This yardage overlooks the influence of course setup on the continued participation of many female players - which, perhaps unsurprisingly, sits at 19%. And, while introductory initiatives are doing well, improved course setup is critical to sustaining female involvement in the long term.

Fixed thinking has dictated that change is slow here, so it's pleasing to share that one of my clients recently became the first traditional club in Australia to embrace the construction of professionally designed forward tees across all 18 holes. With females and juniors largely absent from tee sheets and determined to turn things around, they look forward to developing a more diverse and sustainable club environment.

The reason for sharing this story is the direct link to the ASGCA members who, for many years, generously responded to professional queries, supported a female in a non-traditional field and consistently encouraged my interest in developing a more enjoyable game for the slow swing speed player. I can add that other ASGCA members have been equally willing to respond to random emails with technical queries.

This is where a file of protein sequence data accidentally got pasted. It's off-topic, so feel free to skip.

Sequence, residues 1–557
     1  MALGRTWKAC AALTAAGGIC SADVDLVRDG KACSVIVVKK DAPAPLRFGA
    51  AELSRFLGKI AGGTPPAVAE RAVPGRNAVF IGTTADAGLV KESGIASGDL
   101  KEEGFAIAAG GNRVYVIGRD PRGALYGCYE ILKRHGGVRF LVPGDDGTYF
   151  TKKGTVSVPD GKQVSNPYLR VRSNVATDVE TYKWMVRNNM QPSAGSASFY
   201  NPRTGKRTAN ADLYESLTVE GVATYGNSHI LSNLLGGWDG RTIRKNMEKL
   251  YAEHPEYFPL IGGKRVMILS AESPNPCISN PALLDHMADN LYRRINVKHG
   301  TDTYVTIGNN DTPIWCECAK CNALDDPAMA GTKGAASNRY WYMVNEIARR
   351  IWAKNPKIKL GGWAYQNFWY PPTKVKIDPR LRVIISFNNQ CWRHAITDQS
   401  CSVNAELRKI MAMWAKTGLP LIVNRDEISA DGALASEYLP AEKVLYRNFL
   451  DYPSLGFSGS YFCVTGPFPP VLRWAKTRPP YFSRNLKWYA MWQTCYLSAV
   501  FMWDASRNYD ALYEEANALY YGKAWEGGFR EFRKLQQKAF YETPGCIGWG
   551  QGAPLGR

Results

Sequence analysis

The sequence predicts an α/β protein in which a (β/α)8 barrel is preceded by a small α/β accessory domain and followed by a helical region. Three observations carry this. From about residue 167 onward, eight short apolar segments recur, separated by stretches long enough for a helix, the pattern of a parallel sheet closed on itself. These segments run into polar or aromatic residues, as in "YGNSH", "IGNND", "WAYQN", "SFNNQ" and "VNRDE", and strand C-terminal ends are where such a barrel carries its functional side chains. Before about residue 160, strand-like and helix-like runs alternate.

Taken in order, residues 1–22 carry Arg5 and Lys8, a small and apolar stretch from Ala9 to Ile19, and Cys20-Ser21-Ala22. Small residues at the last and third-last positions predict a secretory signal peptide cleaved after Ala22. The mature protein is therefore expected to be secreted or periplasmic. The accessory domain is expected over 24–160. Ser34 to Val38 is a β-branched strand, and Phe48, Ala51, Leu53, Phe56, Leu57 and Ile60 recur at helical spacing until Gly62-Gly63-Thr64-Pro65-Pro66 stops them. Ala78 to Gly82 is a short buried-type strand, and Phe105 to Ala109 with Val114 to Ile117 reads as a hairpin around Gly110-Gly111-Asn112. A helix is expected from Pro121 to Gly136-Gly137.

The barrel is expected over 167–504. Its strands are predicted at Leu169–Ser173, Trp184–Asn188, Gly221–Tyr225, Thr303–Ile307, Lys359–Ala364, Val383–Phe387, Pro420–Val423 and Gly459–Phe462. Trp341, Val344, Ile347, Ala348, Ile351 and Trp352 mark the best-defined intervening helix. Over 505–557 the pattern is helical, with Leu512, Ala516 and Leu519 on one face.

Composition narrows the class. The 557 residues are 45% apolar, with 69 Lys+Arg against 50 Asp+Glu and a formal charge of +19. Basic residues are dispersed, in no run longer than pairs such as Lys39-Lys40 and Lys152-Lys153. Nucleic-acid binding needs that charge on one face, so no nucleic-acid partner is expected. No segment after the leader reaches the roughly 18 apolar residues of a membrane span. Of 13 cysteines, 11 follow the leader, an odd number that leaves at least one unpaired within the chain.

Geographically, I am far removed from the United States. However, the work I am doing to effect change and improve course set up for women and seniors in Australia is primarily due to the influence of these ASGCA members supporting the good of the game.

I remain especially grateful for this.

Lyne

Bruce Katona

  • Karma: +0/-0
Re: Golf Design Boot Camp ?
« Reply #52 on: December 04, 2023, 02:12:02 PM »
Professor Jeff Brauer:

Any update on how many have signed up and are scheduled to take/complete the course?  Any chance you could share the final exam with the masses here to see the question and potential design solutions/


BK

 

Jeff_Brauer

  • Karma: +0/-0
Re: Golf Design Boot Camp ?
« Reply #53 on: December 04, 2023, 02:36:14 PM »
Lyne,